I’m headed back to Pennsylvania and will be on the road all week. I’d appreciate your prayers for safe travels. We’ve had a great time and will miss our sweet granddaughters. It’s been great having this time to get to know them more and vice versa.
This week’s question: I have felt awkward and isolated in various ways in my relationships and not known how to communicate in the midst of my husband’s destructive patterns and denial. I have been married 26 years and have three children. In August, I acknowledged that he does not want to know his own destructive patterns.
My question is, how do I live clearly when my husband avoids knowing, understanding, and taking responsibility for his destructive behaviors? I have struggled with knowing what to say to the children, friends, family, church, and others. I am learning that I need more truth to avoid isolation and also so things are not misconstrued by others and my children.
What can I say, how can I approach relationships when he is in denial? I wonder how to say things if he is around or if he will find out what I said. If I make an observation and he is there, will he let it pass or minimize it or distort it?
I need to reestablish some relationships with friends and extended family after feeling isolated for the last eleven years. Do I go forward as though nothing happened or make a statement?
I started doing phone calls in the bedroom related to what was happening but did not explain to the children that he had a crisis eleven years ago as I gave him space to change. This did not teach transparency and truth though I did need privacy. In general I minimized and tried to keep things together.
My kids know I have been seeking outside counsel. I have not openly displayed books or information I’m looking at. I have not openly told them when I have a counseling appointment or discussed them. I feel the best thing would be transparency but I feel uncertain how to do that when my husband has strong avoidance patterns.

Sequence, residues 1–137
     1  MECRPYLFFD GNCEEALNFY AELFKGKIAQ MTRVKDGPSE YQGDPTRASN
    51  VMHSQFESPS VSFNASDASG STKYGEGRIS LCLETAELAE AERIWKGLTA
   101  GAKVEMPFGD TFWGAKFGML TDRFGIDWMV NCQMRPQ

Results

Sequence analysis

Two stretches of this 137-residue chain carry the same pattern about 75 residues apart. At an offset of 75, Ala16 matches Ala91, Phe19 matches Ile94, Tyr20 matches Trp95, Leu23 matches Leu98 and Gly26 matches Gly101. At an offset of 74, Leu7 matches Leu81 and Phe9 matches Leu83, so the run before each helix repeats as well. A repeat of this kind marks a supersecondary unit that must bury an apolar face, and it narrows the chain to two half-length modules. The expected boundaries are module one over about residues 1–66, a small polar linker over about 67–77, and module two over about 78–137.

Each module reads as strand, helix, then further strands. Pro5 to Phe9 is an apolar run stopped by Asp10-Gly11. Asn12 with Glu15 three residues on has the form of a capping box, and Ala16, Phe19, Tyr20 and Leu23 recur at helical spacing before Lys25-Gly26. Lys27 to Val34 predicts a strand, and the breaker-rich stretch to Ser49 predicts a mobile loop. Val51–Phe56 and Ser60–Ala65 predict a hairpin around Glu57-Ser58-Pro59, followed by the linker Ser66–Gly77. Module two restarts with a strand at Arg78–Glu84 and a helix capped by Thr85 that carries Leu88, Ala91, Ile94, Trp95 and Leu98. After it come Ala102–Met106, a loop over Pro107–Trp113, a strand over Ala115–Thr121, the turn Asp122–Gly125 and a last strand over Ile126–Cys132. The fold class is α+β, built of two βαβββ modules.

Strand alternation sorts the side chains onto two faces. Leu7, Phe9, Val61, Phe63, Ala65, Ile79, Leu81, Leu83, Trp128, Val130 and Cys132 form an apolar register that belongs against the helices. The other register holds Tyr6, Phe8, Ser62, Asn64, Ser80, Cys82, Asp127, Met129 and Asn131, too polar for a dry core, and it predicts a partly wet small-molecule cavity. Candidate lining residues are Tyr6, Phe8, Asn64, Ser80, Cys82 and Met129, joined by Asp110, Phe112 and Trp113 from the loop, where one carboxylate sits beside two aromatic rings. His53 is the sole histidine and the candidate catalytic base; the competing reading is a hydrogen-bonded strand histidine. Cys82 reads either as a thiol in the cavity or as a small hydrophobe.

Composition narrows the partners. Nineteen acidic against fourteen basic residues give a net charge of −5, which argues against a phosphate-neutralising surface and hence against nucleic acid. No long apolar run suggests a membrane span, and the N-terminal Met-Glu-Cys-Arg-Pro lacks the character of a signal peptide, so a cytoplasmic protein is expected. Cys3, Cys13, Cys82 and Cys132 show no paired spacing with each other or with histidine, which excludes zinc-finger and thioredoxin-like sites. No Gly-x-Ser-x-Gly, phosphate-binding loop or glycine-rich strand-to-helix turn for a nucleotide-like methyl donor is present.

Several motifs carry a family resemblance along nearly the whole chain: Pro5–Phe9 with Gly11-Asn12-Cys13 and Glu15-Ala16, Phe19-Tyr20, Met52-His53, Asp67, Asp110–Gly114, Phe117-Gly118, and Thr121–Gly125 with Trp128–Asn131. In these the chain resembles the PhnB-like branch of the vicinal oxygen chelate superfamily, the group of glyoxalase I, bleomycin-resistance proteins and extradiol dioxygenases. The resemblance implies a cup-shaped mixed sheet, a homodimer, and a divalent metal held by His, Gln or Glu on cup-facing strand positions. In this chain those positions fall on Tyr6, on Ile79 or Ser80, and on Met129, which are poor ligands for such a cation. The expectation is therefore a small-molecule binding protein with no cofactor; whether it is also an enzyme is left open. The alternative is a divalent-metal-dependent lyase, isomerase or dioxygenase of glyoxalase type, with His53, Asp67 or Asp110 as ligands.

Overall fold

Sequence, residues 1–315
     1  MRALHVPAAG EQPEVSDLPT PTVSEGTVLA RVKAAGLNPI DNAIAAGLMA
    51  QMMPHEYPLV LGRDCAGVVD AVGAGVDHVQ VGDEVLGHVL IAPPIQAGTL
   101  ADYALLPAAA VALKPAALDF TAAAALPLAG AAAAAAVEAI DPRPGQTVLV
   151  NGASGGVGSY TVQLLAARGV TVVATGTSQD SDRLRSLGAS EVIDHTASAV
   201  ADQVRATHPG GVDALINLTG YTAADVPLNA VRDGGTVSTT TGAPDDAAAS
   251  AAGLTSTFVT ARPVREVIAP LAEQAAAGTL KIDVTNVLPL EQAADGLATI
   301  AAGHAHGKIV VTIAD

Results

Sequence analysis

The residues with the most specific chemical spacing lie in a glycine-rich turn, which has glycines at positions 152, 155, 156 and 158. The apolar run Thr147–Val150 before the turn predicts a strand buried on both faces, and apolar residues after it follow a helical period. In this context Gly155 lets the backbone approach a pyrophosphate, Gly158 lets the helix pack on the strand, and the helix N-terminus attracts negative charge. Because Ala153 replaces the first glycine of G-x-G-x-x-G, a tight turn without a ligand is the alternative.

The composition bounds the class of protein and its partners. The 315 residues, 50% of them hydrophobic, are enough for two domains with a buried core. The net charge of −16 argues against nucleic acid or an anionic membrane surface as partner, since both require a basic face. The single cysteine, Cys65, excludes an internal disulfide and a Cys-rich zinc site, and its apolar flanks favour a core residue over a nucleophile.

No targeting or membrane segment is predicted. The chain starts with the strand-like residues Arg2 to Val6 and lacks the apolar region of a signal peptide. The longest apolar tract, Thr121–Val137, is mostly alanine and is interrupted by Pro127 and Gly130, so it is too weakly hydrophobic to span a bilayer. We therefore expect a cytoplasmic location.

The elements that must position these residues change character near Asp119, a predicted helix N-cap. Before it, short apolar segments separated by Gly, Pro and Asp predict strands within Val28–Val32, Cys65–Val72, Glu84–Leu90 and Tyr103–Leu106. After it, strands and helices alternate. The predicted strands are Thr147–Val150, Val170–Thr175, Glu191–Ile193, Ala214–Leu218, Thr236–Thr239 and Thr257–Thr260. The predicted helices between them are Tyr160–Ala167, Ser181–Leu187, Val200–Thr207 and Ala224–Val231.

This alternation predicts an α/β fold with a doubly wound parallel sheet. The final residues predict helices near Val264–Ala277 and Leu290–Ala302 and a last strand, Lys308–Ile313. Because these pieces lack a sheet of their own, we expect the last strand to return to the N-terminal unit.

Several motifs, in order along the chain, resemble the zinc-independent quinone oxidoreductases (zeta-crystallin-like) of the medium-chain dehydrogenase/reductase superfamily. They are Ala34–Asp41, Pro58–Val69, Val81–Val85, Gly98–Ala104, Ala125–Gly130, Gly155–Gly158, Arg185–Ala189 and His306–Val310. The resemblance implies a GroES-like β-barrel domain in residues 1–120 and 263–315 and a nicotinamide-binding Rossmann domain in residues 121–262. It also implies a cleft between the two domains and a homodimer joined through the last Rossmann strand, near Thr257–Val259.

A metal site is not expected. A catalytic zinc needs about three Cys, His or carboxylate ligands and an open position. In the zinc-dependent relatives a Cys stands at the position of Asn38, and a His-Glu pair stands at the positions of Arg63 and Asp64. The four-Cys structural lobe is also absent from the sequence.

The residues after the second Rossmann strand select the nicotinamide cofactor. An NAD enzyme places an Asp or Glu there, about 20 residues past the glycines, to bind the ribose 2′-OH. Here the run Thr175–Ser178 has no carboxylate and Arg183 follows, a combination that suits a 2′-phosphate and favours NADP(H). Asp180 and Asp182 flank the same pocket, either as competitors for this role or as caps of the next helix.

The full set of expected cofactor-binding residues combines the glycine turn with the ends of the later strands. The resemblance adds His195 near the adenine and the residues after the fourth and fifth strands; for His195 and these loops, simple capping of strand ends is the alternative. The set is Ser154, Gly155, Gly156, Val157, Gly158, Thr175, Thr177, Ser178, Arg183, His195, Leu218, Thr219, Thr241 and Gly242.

I have been slowly getting stronger and taking steps to share that certain behaviors are not normal or acceptable and discuss healthier alternatives to the children. The relationship with my twenty three year old is hardest; he has actually used the words, “I don’t want to know” (possibly scared to learn about his dad?).
I don’t want to be abused by his desire not to know or for that to keep needed truth from the family.
Answer: Your dilemma of living with someone who is denial, who does not want to face reality is not uncommon and it’s very tough to navigate through in a healthy way for you and for your children, especially if you want to preserve some form of family life and stay well.
First, healthy people live in truth and reality. They don’t live in a make believe land or wishful thinking land. Therefore it’s imperative that you not lie to yourself or to your children. That doesn’t mean full disclosure of all the sordid details about what’s going on at home or with your husband but if they ask a question about what’s wrong, don’t make up a story. As much as possible tell them the truth so that they learn to trust their own perceptions.
For example, if your husband has an alcohol problem and he was stumbling around, slurring his words and your kids asked “what’s wrong with dad?” You wouldn’t cover for him and say, “Oh he doesn’t feel well.” You would tell them the truth. “Dad drank too much alcohol tonight.”
Kids intuitively know when something is wrong even if they don’t say it. They know when there are problems at home and it is a kindness to put the correct labels on what’s happening when possible. Doing so confirms that they were “thinking” correctly or “perceiving” rightly which reinforces their own need to live in truth. (I teach more ways to love but speak truth in our Walking In CORE Strength Course. More information here).
Telling the truth doesn’t mean that you overwhelm your children or other family members with all the details. It doesn’t mean that you degrade your husband’s character to the kids or family and say “he’s a sloppy drunk and doesn’t’ care about us.” Tell the factual truth – he’s slurring his words and stumbling because he drank too much alcohol. Period.
Your husband may be in denial about what he does that’s abusive or destructive to the family. Usually people like this are experts not only at lying to others, but also to themselves. (Tweet this)
To acknowledge the truth about one’s self– whether it is I drink too much, I eat too much, or I treated someone abusively, requires us to face some things that we may not want to face. It’s easier to pretend, make excuses, blame others, and refuse to listen to feedback about how our actions (or lack of actions) impact others.